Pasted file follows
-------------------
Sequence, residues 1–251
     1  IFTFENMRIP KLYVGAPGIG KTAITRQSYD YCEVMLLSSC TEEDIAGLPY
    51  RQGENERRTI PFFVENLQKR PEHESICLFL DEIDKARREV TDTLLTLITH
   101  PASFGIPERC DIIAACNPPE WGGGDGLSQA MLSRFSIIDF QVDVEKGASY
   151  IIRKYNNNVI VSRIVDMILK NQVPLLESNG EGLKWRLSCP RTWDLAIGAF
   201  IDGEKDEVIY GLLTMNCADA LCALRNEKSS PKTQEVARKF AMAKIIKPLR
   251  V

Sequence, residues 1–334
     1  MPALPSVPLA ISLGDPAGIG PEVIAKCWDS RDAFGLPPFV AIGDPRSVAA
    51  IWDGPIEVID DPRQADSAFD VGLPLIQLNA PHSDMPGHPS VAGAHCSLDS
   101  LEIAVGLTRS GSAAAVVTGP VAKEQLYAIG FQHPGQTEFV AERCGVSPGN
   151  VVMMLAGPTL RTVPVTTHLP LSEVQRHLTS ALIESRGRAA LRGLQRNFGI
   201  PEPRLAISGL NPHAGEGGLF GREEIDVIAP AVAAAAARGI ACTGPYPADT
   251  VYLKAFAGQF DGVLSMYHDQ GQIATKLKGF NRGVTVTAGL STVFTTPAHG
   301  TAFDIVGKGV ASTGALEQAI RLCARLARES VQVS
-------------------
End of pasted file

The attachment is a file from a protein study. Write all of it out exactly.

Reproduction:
Sequence, residues 1–251
     1  IFTFENMRIP KLYVGAPGIG KTAITRQSYD YCEVMLLSSC TEEDIAGLPY
    51  RQGENERRTI PFFVENLQKR PEHESICLFL DEIDKARREV TDTLLTLITH
   101  PASFGIPERC DIIAACNPPE WGGGDGLSQA MLSRFSIIDF QVDVEKGASY
   151  IIRKYNNNVI VSRIVDMILK NQVPLLESNG EGLKWRLSCP RTWDLAIGAF
   201  IDGEKDEVIY GLLTMNCADA LCALRNEKSS PKTQEVARKF AMAKIIKPLR
   251  V

Sequence, residues 1–334
     1  MPALPSVPLA ISLGDPAGIG PEVIAKCWDS RDAFGLPPFV AIGDPRSVAA
    51  IWDGPIEVID DPRQADSAFD VGLPLIQLNA PHSDMPGHPS VAGAHCSLDS
   101  LEIAVGLTRS GSAAAVVTGP VAKEQLYAIG FQHPGQTEFV AERCGVSPGN
   151  VVMMLAGPTL RTVPVTTHLP LSEVQRHLTS ALIESRGRAA LRGLQRNFGI
   201  PEPRLAISGL NPHAGEGGLF GREEIDVIAP AVAAAAARGI ACTGPYPADT
   251  VYLKAFAGQF DGVLSMYHDQ GQIATKLKGF NRGVTVTAGL STVFTTPAHG
   301  TAFDIVGKGV ASTGALEQAI RLCARLARES VQVS